Glenn Youngkin is a rising star in the Republican party; his gubernatorial win in Virginia last year was a center-stage political moment. Notably, Youngkin ran without involvement from former President Donald Trump – offering something of an alternative to MAGA.
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Now, with Trump’s – and MAGA’s – political stock declining, some are wondering whether Youngkin would make for a viable presidential candidate. Yet, while Youngkin may one day have a legitimate shot at running for the White House, 2024 won’t be his year. The field is already set.
First, Donald Trump is running for president, again – a third consecutive run. Any primary that includes a former president is already probably too crowded. And Donald Trump consumes more political oxygen than just about anyone, ever.
Trump’s stock has never been lower – it’s true. The former president is especially vulnerable right now; his candidates fared poorly during the midterms, leading many prominent Republicans to denounce Trump and encourage the GOP to move forward with someone else. Trump went right ahead and declared his candidacy for president anyway. And while his enthusiasm and his charisma seem lower than ever, he’s still Trump, and he still has a passionately loyal base. He’s going to wield some political clout, meaning any challenger is going to have to elbow their way in. That challenger will need to be thick-skinned, politically talented, and brash.
Ron Desantis: The Only Person Who Can Challenge Trump?
Really, the only challenger who appears suited to the task of ousting the former president who still commands a cult-like following, is not Glenn Youngkin, but Florida Governor Ron DeSantis.
DeSantis may well even be the frontrunner at this point, after defeating former governor Charlie Crist by a 20-point margin. DeSantis, a former Yale baseball player and Navy JAG, has used several high-profile incidents to make a name for himself. For example, DeSantis flouted conventional COVID guidelines. He publicly battled Disney.
He signed the “Don’t Say Gay” Bill. He chartered a plane of immigrants for Martha’s Vineyard. Much of DeSantis’s maneuvering – especially the charter plane – had a gimmicky feel to it. But the gimmick has worked. DeSantis has elevated himself to a national figure, one whom conservatives are excited about, one whom many have pegged as Trump’s successor as leader of the GOP.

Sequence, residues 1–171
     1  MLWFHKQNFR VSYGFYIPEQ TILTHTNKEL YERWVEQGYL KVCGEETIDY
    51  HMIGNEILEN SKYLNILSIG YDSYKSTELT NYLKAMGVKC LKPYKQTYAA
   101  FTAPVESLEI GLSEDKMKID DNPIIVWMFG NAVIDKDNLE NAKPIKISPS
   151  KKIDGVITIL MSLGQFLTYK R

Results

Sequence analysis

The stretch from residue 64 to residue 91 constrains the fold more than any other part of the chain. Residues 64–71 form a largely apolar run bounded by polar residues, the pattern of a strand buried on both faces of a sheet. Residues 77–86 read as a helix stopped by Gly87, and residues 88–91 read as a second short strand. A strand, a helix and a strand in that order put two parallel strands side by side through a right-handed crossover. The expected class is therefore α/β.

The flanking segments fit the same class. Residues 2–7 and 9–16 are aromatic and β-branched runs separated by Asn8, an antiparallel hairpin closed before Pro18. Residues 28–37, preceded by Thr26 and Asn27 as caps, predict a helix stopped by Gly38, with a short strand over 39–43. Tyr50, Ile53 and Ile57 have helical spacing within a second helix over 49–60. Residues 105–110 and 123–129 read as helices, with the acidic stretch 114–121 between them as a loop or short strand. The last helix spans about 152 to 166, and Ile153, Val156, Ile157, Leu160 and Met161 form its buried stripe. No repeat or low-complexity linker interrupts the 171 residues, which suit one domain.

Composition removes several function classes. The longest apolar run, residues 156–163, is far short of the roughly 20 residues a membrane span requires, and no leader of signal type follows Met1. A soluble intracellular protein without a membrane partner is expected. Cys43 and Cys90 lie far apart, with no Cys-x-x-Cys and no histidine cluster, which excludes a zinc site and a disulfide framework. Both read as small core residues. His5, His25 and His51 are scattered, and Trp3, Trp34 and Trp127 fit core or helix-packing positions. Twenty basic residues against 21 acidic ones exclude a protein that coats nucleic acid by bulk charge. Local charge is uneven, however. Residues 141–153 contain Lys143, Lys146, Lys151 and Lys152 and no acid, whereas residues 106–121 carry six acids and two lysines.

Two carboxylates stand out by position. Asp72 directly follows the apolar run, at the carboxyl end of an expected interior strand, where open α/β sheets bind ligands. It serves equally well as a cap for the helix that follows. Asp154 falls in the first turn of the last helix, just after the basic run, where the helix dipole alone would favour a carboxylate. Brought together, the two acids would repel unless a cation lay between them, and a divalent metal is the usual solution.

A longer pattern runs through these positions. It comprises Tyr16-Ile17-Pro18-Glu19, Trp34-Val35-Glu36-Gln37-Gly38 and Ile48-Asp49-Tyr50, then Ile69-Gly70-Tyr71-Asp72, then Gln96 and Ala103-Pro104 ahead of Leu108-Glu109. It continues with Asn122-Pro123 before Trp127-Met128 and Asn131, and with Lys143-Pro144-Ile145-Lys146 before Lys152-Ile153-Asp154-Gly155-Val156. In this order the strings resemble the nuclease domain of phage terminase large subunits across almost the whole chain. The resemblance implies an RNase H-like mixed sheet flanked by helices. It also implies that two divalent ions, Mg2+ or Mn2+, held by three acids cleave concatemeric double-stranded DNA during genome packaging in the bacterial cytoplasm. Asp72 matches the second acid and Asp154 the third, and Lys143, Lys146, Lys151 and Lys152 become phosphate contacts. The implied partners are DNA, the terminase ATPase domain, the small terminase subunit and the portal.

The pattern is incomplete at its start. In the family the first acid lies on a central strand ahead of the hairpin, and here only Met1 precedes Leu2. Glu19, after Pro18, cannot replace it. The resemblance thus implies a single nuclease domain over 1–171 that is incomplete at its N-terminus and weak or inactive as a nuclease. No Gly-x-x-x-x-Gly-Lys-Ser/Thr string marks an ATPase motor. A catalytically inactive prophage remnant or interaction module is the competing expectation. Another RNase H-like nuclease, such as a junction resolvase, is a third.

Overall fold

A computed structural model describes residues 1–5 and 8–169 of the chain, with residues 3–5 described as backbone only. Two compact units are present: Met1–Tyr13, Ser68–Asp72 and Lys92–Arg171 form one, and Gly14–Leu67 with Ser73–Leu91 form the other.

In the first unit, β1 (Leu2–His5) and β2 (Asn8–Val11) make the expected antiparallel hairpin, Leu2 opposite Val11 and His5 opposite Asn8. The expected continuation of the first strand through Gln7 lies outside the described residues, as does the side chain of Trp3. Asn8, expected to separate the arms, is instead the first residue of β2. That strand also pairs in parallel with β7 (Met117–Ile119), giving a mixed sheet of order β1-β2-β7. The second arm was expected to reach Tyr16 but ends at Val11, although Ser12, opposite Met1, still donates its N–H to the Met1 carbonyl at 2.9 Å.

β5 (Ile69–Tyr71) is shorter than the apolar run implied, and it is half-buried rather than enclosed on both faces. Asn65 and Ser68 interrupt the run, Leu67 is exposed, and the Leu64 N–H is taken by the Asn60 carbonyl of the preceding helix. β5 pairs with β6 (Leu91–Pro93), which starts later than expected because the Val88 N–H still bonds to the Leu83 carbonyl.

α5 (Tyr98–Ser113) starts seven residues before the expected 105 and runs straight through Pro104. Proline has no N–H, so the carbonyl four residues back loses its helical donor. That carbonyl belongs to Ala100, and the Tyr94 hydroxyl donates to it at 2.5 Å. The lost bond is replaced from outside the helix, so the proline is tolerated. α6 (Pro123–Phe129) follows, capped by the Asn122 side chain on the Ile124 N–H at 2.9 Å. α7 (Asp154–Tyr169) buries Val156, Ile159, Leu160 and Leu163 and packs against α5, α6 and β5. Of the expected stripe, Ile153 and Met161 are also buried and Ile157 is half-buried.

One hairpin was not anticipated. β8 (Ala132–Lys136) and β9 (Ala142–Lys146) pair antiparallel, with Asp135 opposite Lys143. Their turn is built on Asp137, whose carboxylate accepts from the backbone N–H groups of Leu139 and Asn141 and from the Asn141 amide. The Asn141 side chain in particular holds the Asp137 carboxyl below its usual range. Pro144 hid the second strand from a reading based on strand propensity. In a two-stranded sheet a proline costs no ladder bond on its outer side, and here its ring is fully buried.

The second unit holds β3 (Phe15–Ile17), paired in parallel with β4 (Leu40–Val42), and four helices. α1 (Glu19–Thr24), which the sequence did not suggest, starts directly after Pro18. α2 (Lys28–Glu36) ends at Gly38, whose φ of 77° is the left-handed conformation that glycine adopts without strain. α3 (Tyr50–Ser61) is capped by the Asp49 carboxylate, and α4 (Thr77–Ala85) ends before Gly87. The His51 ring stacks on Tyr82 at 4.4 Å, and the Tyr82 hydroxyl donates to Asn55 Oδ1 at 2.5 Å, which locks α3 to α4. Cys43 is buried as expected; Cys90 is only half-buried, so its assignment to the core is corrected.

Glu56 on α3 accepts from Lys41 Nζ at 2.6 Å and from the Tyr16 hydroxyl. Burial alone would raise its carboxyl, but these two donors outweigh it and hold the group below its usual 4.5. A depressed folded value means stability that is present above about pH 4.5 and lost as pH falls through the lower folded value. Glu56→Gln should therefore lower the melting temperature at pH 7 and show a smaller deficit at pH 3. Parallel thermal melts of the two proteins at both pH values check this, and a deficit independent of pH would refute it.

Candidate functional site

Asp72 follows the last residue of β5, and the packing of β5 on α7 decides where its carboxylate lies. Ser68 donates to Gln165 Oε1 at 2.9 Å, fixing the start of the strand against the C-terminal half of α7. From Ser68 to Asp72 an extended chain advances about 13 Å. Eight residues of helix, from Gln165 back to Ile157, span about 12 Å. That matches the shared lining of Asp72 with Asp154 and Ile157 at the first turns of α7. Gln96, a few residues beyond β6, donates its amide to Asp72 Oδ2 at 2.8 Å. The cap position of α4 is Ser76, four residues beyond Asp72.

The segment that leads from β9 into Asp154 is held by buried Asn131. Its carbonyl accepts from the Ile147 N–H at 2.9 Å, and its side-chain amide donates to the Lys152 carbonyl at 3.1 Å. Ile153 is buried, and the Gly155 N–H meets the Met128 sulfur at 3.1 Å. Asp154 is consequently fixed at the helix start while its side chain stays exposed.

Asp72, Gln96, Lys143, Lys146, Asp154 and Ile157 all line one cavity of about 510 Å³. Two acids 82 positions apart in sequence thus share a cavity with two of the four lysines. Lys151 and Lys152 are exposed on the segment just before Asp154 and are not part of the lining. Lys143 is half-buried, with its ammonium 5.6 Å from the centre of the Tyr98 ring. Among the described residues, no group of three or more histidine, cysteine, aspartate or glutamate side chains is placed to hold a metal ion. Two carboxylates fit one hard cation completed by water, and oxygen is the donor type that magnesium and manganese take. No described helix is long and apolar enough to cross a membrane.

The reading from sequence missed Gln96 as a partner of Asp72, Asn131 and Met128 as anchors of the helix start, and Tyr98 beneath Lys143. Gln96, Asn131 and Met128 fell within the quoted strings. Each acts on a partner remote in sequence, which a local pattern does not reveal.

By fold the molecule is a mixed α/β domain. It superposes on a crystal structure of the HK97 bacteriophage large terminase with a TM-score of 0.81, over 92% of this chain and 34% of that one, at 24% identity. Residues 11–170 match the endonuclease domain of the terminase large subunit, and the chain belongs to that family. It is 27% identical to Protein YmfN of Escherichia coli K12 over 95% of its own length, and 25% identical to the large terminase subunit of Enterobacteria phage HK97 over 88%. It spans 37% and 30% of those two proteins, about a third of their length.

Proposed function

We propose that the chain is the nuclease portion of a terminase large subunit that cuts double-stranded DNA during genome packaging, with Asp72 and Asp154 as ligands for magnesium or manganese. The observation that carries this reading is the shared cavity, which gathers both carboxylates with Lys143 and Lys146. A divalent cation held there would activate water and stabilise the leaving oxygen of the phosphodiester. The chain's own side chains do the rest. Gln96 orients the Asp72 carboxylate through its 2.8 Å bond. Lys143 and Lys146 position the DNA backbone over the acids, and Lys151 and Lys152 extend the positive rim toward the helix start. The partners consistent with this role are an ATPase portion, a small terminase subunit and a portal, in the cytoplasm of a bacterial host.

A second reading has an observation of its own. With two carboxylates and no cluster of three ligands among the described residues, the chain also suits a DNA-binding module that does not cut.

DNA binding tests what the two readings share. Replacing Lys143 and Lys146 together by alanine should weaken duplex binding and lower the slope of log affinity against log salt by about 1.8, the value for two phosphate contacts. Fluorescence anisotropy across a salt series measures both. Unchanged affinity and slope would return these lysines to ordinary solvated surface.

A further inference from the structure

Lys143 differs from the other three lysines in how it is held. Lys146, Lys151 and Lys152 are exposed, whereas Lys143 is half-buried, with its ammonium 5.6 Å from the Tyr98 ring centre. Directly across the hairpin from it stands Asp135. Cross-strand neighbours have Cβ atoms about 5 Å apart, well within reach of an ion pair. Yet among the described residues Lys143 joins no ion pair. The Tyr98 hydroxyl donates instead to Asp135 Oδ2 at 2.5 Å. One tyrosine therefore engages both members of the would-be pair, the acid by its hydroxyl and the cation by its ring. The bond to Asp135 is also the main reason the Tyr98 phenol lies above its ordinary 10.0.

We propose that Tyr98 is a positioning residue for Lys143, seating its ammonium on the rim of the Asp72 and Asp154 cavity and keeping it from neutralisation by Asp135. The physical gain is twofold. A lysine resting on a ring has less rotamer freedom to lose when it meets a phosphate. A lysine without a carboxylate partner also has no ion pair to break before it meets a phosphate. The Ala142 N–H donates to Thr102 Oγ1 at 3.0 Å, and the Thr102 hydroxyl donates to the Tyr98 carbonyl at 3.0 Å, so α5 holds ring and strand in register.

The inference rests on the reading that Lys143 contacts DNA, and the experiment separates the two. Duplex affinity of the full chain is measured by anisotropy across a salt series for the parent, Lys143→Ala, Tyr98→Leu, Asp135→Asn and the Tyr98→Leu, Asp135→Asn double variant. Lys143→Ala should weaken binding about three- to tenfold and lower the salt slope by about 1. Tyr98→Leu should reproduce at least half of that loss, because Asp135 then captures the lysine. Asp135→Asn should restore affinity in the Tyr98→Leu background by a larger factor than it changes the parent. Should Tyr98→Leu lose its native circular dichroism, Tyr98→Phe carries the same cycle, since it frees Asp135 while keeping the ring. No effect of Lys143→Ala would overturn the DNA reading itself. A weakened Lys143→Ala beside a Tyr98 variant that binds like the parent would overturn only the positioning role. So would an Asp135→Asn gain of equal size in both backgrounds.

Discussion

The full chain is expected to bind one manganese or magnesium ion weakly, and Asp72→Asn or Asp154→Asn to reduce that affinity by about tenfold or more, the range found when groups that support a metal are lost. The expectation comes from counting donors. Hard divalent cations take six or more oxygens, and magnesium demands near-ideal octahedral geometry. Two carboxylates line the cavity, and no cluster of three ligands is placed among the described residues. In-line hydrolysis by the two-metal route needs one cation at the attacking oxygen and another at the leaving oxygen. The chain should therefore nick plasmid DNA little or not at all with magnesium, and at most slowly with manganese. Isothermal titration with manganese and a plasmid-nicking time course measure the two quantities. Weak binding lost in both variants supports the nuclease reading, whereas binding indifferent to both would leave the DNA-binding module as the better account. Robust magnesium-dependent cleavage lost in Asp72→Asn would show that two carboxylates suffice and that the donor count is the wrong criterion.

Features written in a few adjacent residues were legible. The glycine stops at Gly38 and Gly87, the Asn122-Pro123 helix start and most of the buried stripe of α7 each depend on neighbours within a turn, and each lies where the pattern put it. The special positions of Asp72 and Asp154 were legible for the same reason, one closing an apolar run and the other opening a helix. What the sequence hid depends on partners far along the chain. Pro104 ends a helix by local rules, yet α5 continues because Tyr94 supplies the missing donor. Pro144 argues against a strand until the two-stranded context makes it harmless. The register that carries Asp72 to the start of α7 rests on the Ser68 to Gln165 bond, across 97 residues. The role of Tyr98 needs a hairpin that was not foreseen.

Whether DeSantis can siphon enough of his party’s support away from Donald Trump, and earn the GOP ticket for 2024 remains to be seen – but the showdown will be significant and consuming, leaving little room for anyone else to get a word in.
Which is why the timing is terrible for someone like Glenn Youngkin, who may have a higher political ceiling, and may one day explore a run for president. Running right now, against the Trump-DeSantis show, would only serve to frame Youngkin as a low-tier contender, an “also ran” with single digit numbers.
The 2024 GOP field has already narrowed to a two-man field and Youngkin wouldn’t gain much from wading into the fray.
It wouldn’t be a good look. Youngkin would be better off biding his time, pooling his political capital, and building his brand. Youngkin will have other opportunities to run if he wants. Besides, he has only recently begun his tenure as Governor of Virginia. Leaving office so early, to run for president, doesn’t always reflect well on the candidate.
Glenn Youngkin will not be a contender for the 2024 ticket.
Harrison Kass is the Senior Editor at 19FortyFive. An attorney, pilot, guitarist, and minor pro hockey player, he joined the US Air Force as a Pilot Trainee but was medically discharged. Harrison holds a BA from Lake Forest College, a JD from the University of Oregon, and an MA from New York University. He lives in Oregon and listens to Dokken.